Rozner: For Bears' Pace, boring draft is healthy
Give Ryan Pace credit.
No, seriously. Give the man his due.
The Bears GM has spent his first three years in Chicago making draft selections and signing free agents as if he knew something no one else did, as if he needed to prove he were the smartest man in a room filled with NFL execs who just didn't get it.
So he reached for picks, looked for projects and found players from schools no one had heard of, and then asked his head coach and offensive coordinator to field players who didn't belong on the field, who couldn't learn the playbook, who couldn't execute the simplest of plays.
And all along the way, everyone told Pace how great he was, from the media to his ownership to all who worked for him.
Under circumstances like that, it's difficult to see mistakes, not when you're being told constantly that you're perfect just the way you are, when there is no effort to speak truth to power.
But Pace has apparently learned from some of the disasters of the last three years and the 2018 draft was a good one for the Bears.
Perhaps with strong input from someone like Matt Nagy, Pace -- for three rounds, at least -- took the best on the board, drafted for need and took players who could help the team immediately, players who belong on an NFL field.
And for this he deserves praise.
It doesn't excuse the nonsense of the past, not in a league where you only need a few playmakers to reach the postseason, and a handful to reach the big dance.
That's how bad the NFL is these days, and that's how quickly you can turn it around.
Of the six teams that finished worse than the Bears in 2014 -- just before Pace arrived -- four have since made the playoffs and all six have won 9 or more games at least once.
A fifth team won 10 games, but missed the postseason.
Of the eight teams that were worse than the Bears in 2015, six have won at least 9 games and two have made the playoffs.
Of the three teams that finished worse than the Bears in 2016, one made the playoffs with 10 wins, one is Cleveland and one is San Francisco, which stole Jimmy Garoppolo for a second-round pick and the 1-10 Niners proceeded to win each of Garoppolo's 5 starts in 2017 -- including the Robbie Gould game at Soldier Field in December when Garoppolo won his first start for the Niners.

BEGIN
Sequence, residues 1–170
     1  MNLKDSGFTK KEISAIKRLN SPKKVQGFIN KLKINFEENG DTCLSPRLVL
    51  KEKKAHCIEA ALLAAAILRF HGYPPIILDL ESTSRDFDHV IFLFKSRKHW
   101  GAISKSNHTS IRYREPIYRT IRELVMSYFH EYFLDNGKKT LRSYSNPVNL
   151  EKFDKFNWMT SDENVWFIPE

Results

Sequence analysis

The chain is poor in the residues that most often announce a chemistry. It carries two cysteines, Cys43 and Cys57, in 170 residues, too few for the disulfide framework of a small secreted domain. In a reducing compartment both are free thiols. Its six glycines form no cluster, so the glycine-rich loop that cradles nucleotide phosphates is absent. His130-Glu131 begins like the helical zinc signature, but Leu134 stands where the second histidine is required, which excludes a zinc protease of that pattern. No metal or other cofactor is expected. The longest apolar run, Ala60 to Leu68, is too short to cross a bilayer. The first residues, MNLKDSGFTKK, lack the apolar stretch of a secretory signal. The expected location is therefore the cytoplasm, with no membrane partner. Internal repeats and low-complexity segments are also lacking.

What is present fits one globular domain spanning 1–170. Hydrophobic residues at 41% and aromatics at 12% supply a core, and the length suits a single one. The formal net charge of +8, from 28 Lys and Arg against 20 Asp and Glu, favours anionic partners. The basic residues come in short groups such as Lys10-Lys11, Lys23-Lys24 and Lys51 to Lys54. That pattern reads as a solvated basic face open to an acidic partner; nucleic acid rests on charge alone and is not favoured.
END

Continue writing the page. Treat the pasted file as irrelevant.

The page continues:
The point is it really doesn't take much to turn it around in a bad league.
You have to have a QB and an offensive line, but after that it's pretty much one big playmaker at each level of the offense or defense, players who can get you off the field on third down on defense, and players who can keep you on the field on third down on offense.
And you don't have to reach for projects, play the hero or surprise everyone in order to do that.
This time, Pace didn't. He took the gifts that were offered and accepted them with thanks, eschewing the temptation to try something wacky.
This is no small matter, defying all within you that screams for something exciting, when the obvious is so very boring.
But Pace has done this and for that he should be congratulated. He had a good draft and has put the Bears in a position to compete for a division title in 2018.
That will sound crazy to some who still think this is the NFL of 20 or 30 years ago.
It is not.
The NFL of today requires little more than a pass rusher who disrupts the opposition offense, and a quarterback who protects the football and can make the occasional third down play.
Do that and you're in the playoffs. Get some turnovers and you go far. Make a few big plays and you get to collect a ring.
It's really not that complicated.
In the past, Pace made it more complex than it was, but this weekend he made some good moves.
It's not easy to change and Pace deserves credit for doing precisely that.
• Listen to Barry Rozner from 9 a.m. to noon Sundays on the Score's "Hit and Run" show at WSCR 670-AM and follow him @BarryRozner on Twitter.